My first encounter with a kalimba, the African instrument (also known as a “thumb piano” or, more properly, mbira) was when I read the album credits for Space Oddity in my youth and learned that David Bowie played a kalimba on the title track, Bowie’s first American breakout hit (a.k.a., “Major Tom”). You can hear the kalimba’s shimmering effect in the intro and into the first verse (Bowie, no doubt, getting a strong vibrato effect by rapidly moving his finger on/off the instrument’s sound hole).
Hmm, I wondered – has any popular musical artist ever decided to write a song that celebrates or honors the kalimba itself? As it turns out, yes: Earth Wind & Fire’s “Kalimba Story” from 1974’s Open Our Eyes, the group’s fifth album – and third for Columbia, since switching from Warner Brothers:
How refreshing to see the kalimba makes its first appearance a mere 2 seconds into the song and then proceeds to kick out the jams a little further ways in. Interesting to see this song released as the A-side of a 45 (#6 R&B, #55 Pop), the second of three singles from that album.
Seven years later, Earth Wind & Fire would issue “Kalimba Tree” on 1981 album, Raise! – an interesting melange of deep analog synthesizer, soprano sax, and vocal chants with gentle mbira embellishments.
A piece about the mbira wouldn’t be complete if I failed to mention the work of Zimbabwe’s Thomas Mapfumo, whose music not only embraced the instrument from the outset but also featured electric guitar lines that beautifully emulate a master mbira musician.
Rolf Harris Introduces the Stylophone to the Masses
Right after I posted this piece, I was reviewing the musician credits for the Space Oddity album and was struck by the fact that, in addition to the kalimba, David Bowie also played a stylophone during the recording sessions. A few years ago I was introduced to this monophonic electronic keyboard – that one plays with a metal stylus – when I was graciously given one by close friends. I had assumed all this time that the stylophone was a relatively recent invention, but seeing the instrument credited on a 1969 recording, of course, set me to wondering: when did the stylophone enter the realm of popular music?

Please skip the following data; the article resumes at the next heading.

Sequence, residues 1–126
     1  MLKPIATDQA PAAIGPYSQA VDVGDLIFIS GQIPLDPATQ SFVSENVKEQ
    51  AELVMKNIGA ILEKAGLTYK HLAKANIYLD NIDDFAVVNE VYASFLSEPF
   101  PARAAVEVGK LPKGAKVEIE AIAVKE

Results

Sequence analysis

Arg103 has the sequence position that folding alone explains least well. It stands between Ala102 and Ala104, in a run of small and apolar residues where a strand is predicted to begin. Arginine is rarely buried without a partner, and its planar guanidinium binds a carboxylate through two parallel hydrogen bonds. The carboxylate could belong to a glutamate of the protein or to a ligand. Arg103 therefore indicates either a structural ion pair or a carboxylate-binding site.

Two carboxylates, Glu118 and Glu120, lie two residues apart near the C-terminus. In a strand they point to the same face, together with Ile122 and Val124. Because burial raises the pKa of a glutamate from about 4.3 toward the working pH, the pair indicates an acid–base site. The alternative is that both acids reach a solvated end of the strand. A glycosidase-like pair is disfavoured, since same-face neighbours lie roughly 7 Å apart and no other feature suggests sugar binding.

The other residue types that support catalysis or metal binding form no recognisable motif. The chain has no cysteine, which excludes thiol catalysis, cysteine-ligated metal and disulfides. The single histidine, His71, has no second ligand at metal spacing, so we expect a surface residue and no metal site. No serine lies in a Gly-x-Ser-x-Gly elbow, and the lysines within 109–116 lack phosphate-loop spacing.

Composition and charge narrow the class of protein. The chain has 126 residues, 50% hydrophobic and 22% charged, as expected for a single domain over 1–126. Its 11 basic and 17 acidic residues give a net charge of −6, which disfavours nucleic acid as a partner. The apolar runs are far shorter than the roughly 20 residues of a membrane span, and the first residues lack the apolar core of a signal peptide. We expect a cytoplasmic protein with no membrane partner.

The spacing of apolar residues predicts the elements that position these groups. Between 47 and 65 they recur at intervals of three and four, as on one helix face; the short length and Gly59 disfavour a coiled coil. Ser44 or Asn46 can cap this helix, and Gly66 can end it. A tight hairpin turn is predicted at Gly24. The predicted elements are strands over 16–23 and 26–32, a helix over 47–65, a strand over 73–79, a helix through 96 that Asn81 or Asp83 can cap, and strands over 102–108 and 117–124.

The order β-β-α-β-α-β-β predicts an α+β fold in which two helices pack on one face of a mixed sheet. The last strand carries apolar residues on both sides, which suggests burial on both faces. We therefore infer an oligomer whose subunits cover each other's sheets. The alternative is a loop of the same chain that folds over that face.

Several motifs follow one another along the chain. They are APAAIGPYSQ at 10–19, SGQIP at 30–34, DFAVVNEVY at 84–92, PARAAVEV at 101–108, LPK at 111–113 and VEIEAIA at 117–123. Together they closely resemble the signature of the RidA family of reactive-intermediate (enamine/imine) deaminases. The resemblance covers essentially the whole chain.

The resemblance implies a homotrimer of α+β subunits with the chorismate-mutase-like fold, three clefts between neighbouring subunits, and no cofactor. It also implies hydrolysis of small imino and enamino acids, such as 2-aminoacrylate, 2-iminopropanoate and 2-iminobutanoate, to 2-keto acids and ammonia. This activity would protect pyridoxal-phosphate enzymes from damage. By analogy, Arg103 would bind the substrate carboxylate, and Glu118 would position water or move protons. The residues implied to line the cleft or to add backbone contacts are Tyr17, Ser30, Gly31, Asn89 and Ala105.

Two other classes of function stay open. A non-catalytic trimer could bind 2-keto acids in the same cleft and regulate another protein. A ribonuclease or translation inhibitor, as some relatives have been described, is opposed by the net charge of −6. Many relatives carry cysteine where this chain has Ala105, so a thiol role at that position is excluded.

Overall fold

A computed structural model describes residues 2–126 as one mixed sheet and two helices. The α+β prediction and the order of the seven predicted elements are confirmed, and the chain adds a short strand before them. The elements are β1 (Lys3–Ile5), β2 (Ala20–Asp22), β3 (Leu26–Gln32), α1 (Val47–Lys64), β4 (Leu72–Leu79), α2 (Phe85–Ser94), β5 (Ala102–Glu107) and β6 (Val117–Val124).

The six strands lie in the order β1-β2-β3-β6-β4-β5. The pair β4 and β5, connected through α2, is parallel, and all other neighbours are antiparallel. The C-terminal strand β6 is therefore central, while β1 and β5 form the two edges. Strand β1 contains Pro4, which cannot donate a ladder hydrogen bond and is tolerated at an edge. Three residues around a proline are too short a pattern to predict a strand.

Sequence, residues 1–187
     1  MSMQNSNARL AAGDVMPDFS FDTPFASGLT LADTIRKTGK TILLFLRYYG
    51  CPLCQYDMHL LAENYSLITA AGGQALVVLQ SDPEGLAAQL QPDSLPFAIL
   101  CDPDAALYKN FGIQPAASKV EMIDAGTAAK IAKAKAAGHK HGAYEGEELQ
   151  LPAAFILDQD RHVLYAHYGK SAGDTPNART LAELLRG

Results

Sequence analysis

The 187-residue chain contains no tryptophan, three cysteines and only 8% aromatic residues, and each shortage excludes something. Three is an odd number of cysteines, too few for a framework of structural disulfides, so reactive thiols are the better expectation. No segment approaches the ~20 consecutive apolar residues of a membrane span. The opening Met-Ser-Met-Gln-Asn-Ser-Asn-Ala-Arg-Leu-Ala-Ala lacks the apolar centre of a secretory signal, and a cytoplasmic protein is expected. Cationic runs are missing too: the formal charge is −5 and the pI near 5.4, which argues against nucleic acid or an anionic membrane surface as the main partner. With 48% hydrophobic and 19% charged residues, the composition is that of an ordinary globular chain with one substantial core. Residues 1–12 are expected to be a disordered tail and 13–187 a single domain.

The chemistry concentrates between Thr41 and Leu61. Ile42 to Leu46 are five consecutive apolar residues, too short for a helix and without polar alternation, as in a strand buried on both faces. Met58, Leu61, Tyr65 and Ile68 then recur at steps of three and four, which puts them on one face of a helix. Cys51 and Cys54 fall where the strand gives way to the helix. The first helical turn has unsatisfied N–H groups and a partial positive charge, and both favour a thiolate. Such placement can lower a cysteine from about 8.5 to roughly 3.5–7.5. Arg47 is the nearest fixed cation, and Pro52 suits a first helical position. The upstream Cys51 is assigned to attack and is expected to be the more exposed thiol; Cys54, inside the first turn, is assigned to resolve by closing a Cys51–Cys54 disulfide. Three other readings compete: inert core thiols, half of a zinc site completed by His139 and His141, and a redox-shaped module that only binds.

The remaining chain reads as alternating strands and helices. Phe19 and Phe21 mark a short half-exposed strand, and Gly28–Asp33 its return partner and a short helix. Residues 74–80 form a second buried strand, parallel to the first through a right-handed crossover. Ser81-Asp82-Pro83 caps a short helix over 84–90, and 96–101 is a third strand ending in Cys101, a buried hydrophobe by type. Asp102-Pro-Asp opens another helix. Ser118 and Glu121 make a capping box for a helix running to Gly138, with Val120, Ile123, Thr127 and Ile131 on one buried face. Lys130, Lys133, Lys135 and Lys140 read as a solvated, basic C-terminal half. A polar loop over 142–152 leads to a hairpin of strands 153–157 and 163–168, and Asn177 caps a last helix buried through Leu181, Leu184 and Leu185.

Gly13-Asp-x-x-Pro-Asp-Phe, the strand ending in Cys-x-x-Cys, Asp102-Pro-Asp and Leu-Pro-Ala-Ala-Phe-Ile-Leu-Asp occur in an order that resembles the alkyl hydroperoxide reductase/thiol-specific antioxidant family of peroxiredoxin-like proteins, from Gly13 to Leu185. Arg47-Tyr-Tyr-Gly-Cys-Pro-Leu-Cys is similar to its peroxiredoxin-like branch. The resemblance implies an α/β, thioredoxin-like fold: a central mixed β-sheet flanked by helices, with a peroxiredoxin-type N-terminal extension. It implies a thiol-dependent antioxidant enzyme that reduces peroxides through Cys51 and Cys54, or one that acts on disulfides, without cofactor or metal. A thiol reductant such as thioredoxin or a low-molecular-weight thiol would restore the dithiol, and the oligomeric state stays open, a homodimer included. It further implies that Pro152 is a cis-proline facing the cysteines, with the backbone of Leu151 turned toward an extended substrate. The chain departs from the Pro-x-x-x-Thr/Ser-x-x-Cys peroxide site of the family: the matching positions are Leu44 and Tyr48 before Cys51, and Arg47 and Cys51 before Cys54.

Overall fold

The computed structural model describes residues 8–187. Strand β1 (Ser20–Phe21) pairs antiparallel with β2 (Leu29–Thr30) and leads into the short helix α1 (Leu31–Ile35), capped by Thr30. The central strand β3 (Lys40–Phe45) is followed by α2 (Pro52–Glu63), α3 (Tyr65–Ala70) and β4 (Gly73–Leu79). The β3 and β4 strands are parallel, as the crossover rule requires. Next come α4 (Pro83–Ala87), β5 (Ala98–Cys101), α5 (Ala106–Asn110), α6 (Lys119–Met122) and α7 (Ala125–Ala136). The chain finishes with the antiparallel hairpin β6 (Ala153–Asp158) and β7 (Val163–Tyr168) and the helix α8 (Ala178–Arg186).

As it turns out, Rolf Harris – the Australian entertainer probably best known for his hits, “Tie Me Kangaroo Down, Sport” and the Aboriginal-inspired, “Sun Arise” (produced by George Martin and probably the first time most Americans heard a didgeridoo) – is likely responsible for unveiling the stylophone to European audiences for the first time, as this documentary clip reveals:
Rolf Harris demonstrates the electronic instrument using a song from “the hit parade” – John Hartford’s “Gentle on My Mind,” first covered by Glen Campbell in 1967 – on a program that may have originally been broadcast on BBC in September, 1968.
This film clip, thankfully, answers the question – on which song did Bowie use the stylophone? Answer: the album’s title track (at around the 2:37 mark) during the instrumental bridge immediately following Bowie’s strummed acoustic guitar riff.